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I know that you can define the derivative of the delta function as:- $$\delta'(x)=-\frac{1}{x}\delta(x)$$ If i use this to calculate the integral with $f(x)$, I get 2 different results.

Method 1:- $$\int_{-\infty}^{+\infty}\delta'(x)f(x)dx = -f'(0) $$ by using integration by parts.

Method 2:- $$\int_{-\infty}^{+\infty}-\frac{1}{x}\delta(x)f(x)dx = \lim_{x\to0} -\frac{f(x)}{x}$$

I think I am doing something wrong in method 2 as the 2 results do not match. I do not know much about distribution theory and would appreciate any help.

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  • $\begingroup$ Looks like you're close. You need to be careful with plus and minus signs, and $ ( f(x) - f(0) )/x $ is indeed the derivative of $f$ (in the limit). So you're on the right track. $\endgroup$ – Jake Mirra Nov 3 at 15:23
  • $\begingroup$ How do you justify the step from the symbolic integral expression to the limit? $\endgroup$ – Dr. Lutz Lehmann Nov 3 at 16:31
  • $\begingroup$ @Dr.LutzLehmann As far as I know, the integral of the dirac delta function is the value of the function at 0. To define it for an arbitrary function, I took the limit. $\endgroup$ – Rishabh Jain Nov 3 at 20:02
  • $\begingroup$ But why this specific limit? Why not some kind of average like $\lim_{x\to 0}\frac12\left(\frac{f(x)}x+\frac{f(-x)}{-x}\right)$? And how do you make sure that all such limites give the same result (or some result to begin with)? $\endgroup$ – Dr. Lutz Lehmann Nov 3 at 21:29
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You could use the symmetry of the integrand, assuming that these integrals make sense in some weak sense. $$ \int_{\Bbb R}\frac{f(x)}xδ(x)\,dx =\frac12\int_{\Bbb R}\left(\frac{f(x)}x+\frac{f(-x)}{-x}\right)δ(x)\,dx =\int_{\Bbb R}\left(\frac{f(x)-f(-x)}{2x}\right)δ(x)\,dx $$ If $f$ is continuously differentiable, the difference quotient has a continuous continuation to $x=0$ with value $f'(0)$. Then the original definition of the Dirac delta applies to give the integral exactly this value at $x=0$.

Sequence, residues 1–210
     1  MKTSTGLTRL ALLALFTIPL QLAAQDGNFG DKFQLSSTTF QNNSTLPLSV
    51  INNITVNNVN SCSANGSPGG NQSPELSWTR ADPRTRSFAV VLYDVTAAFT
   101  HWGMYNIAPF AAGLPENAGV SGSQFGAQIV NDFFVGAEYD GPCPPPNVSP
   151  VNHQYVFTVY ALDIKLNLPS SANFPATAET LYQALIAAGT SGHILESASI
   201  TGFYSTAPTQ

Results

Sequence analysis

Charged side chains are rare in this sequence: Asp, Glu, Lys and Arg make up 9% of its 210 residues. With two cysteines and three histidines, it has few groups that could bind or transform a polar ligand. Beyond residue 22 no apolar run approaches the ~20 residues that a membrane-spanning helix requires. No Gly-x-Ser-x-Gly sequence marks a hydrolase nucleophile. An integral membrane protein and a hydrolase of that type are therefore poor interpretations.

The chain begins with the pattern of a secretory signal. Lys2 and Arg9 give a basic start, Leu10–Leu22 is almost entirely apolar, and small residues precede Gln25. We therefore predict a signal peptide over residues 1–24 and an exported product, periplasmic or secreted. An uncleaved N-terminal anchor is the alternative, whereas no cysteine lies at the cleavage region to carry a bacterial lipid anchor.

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  • $\begingroup$ The test function used with dirac delta is always supposed to be differentiable. However, even if I put the limit in your expression, the answer is still missing a negative sign. $\endgroup$ – Rishabh Jain Nov 4 at 8:51
  • $\begingroup$ I think your original equality is wrong, it should be $$xδ'(x)=-δ(x),$$ as for test functions $f$ you have $$\int_{-\infty}^\infty xδ'(x)f(x)dx=-\int_{-\infty}^\infty δ(x)(xf(x))'dx=-f(0).$$ $\endgroup$ – Dr. Lutz Lehmann Nov 4 at 9:00
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If one wants to go strictly by definition, for every multi-index $\alpha$, test function $f:\mathbb R^n\to\mathbb C$ and tempered distribution $u$ one defines $(D^\alpha u)(f)=(-1)^{|\alpha|} u(D^\alpha f)$ (cf. Theorem 7.13 in Rudin's "Functional Analysis"). This definition ensures that "the usual formal rules of calculus hold" (Rudin, Ch.6.1).

Taking $u=\delta$ with $\delta(f):=f(0)$ being the delta distribution one immediatly gets $$ \int_{-\infty}^\infty \delta'(x) f(x)\,dx\overset{(\leftarrow\text{ formally)}}=\delta'(f)= -\delta(f')\Big(\overset{\text{(formally }\rightarrow)}=- \int_{-\infty}^\infty \delta(x)f'(x)\,dx \Big)=-f'(0)\,. $$ This is how one would obtain the derivative of the delta distribution rigorously without using the purely formal integral expression with $\delta(x)$ which, of course, is not even a function.

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